Join Sue Jenkins for an in-depth discussion in this video Create a Bootstrap file, part of Designing Websites from Photoshop to Dreamweaver.
- [Instructor] As you may know, Bootstrap is a free, open source front end framework for creating responsive mobile first websites. It was originally developed by a couple of developers at Twitter in 2010, to help designers and developers of all skill levels more easily and quickly create sites that will adapt to fit all devices. The framework includes all kinds of customizable, dynamic elements like navigation menus, buttons, panels, and image carousels. There are also tons of free jQuery plugins that extend the features and functions of Bootstrap, making it one of the most popular frameworks available today.
Dreamweaver not only lets you create your own Bootstrap templates from scratch, but also lets you customize templates from third party sources, and provides a handy set of free starter templates to get you started. For this project, we're going to build a new page from scratch, but we'll also take a look at Dreamweaver's prebuilt layout option to get a better sense of how Bootstrap pages and components are constructed. One thing to note before we begin is that Bootstrap requires a few extra files to function properly, and these files must be saved into your managed site at the start of the project.
For this reason, let's manage a site right now to the exercise folder. To create a managed site, choose site, new site. We'll put in the name of the client, Topsy Turvy. Then click the folder icon to navigate to the desired folder. So into the exercise folders, then HTML, then project 4-1. Now click save, and our managed site is ready to go. You can see the name of the managed site here at the top of the files panel, and you'll also see that I've already nested an images folder, filled with all the optimized web graphics needed for this project.
The first thing we'll do is select file, new, to open the new document dialogue box. Under starter templates and Bootstrap templates, you'll see a handful of sample page template files. Definitely explore these on your own to see example layout options that you might be interested in borrowing. For now, click the new document category, make sure HTML is selected as the document type, and click the Bootstrap tab.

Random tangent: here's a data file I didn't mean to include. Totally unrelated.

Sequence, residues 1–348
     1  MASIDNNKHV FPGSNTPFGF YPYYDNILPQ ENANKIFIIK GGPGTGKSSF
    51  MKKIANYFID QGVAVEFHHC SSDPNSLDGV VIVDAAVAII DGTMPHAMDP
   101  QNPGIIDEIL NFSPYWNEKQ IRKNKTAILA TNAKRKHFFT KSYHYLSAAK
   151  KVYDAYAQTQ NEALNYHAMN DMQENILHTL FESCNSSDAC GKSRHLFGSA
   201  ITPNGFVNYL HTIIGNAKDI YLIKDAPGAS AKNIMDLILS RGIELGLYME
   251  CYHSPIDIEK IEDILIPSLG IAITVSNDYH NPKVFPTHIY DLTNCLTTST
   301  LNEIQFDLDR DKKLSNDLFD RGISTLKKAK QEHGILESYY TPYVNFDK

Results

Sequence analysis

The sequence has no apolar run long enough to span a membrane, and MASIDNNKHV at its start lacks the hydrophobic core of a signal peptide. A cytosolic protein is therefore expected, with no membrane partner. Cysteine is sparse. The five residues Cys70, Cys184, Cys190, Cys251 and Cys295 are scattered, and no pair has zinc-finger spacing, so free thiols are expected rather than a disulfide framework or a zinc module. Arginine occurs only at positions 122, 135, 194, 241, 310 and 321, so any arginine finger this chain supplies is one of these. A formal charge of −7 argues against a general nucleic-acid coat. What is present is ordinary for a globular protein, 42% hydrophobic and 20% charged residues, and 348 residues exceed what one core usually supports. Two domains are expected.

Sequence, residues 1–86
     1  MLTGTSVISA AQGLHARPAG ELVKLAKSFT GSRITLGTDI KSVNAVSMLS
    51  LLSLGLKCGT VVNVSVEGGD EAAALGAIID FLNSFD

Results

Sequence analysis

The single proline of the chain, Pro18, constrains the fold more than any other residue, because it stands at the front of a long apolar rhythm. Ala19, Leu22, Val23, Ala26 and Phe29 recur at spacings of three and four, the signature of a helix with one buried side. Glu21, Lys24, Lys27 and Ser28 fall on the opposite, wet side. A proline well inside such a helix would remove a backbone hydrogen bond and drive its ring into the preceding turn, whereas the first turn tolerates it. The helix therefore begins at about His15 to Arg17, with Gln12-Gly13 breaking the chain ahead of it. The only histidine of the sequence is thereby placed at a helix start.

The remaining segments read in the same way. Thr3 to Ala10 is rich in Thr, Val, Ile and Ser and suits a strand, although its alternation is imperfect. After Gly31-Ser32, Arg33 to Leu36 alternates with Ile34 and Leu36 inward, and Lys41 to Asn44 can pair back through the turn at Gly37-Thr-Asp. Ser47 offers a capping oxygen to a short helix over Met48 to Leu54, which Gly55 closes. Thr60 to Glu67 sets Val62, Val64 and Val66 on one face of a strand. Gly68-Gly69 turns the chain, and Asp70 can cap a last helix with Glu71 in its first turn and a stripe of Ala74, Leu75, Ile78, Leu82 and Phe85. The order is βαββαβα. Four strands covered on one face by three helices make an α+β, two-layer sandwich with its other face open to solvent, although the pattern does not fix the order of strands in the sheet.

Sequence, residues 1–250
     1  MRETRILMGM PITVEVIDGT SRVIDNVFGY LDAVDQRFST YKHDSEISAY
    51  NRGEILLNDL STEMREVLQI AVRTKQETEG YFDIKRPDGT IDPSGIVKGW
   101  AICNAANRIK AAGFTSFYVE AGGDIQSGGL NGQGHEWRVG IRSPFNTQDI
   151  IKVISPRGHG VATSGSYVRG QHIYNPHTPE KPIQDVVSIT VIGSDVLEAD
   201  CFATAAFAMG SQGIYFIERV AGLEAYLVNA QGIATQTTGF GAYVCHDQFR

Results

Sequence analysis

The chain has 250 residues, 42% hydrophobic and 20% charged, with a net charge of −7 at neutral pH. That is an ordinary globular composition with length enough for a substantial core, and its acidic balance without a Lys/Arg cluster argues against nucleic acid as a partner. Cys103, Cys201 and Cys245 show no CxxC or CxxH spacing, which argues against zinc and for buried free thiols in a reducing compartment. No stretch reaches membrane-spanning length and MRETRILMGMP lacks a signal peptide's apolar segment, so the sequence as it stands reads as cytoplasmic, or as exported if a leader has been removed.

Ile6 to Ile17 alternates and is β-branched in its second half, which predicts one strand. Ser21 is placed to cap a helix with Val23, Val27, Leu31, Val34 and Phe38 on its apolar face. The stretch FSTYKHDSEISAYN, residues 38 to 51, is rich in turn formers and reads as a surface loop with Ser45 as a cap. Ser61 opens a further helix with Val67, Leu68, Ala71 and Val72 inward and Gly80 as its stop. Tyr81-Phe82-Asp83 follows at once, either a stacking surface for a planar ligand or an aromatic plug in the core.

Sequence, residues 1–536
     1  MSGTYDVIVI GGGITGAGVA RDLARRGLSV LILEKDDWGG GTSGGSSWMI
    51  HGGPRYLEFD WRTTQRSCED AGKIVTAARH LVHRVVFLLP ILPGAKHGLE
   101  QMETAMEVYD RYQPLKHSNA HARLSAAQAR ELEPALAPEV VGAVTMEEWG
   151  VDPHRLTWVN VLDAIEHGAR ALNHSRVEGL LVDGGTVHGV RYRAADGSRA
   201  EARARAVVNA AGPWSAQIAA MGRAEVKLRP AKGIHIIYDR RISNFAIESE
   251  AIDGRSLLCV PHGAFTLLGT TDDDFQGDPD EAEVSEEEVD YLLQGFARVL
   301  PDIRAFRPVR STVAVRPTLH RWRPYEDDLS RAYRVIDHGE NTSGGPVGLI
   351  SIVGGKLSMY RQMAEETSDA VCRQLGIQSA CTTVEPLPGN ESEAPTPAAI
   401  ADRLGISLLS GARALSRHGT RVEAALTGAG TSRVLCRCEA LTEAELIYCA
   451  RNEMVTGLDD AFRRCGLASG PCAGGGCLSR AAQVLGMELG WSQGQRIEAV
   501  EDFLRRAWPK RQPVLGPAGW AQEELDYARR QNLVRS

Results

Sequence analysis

Under Bootstrap CSS, make sure create new is selected, and make sure to put a check mark next to include a prebuilt layout. Next, click customize to view the grid and breakpoint values. The default layout is set to use 12 columns with a 30 pixel gutter, and the default screen sizes are set to 768, 992, and 1200. Within this layout, the default grid container measures 1170 pixels wide, with 15 pixels of padding on either side.
This makes the inside of the container 1140 pixels, which perfectly matches our Photoshop mock-up. Next, click the create button. As the new file opens, notice in the files panel that Dreamweaver automatically adds some folders to the managed site, filled with style sheets, fonts, and scripts. As I mentioned before, all of these files are necessary for the Bootstrap pages to display and function properly. To save this sample page, select file, save, and save it with the file name sample.html.
We'll use some of the components from this file in a few upcoming lessons, so let's take a quick look at its structure. Bootstrap files open in live view mode. All of the rows are highlighted using gray dashed lines with rounded corners. Inside the rows, you'll see that the columns are highlighted using blue dashed lines. Selected rows display with a solid blue border around them, along with offset and resize column handles, tag, class, and ID style indicators, and duplicate and add column buttons.
All of these indicators help make working with Bootstrap in Dreamweaver a breeze. One more thing before we finish up. Let's also create a blank Bootstrap file by selecting file, new. And this time, when the dialogue box opens, we'll deselect the include prebuilt layout option before clicking create. When this new file is open, we'll save it into the managed site as index.html. Let's also give this document a title by typing into CodeView.
We'll call it Topsy Turvy Cake Design. We now have everything we need to get started converting our Photoshop mock-up into a Bootstrap webpage. In the next lesson, we'll create rows for all our content.
- Setting up the Photoshop and Dreamweaver workspaces
- Planning a site and defining site goals
- Making a site mockup
- Deciding on branding and content
- Adjusting color and fonts
- Slicing graphics
- Optimizing graphics for the web
- Creating a favicon
- Working with Bootstrap files
- Creating a navigation menu
- Using the Photoshop extractor
- Coding for SEO
- Making sites accessible
- Checking for errors with the Validator tool
- Using the Clean Up HTML tool
- Using the Link Checker panel
- Building pages with HTML
- Styling pages with CSS
- Making site galleries and carousels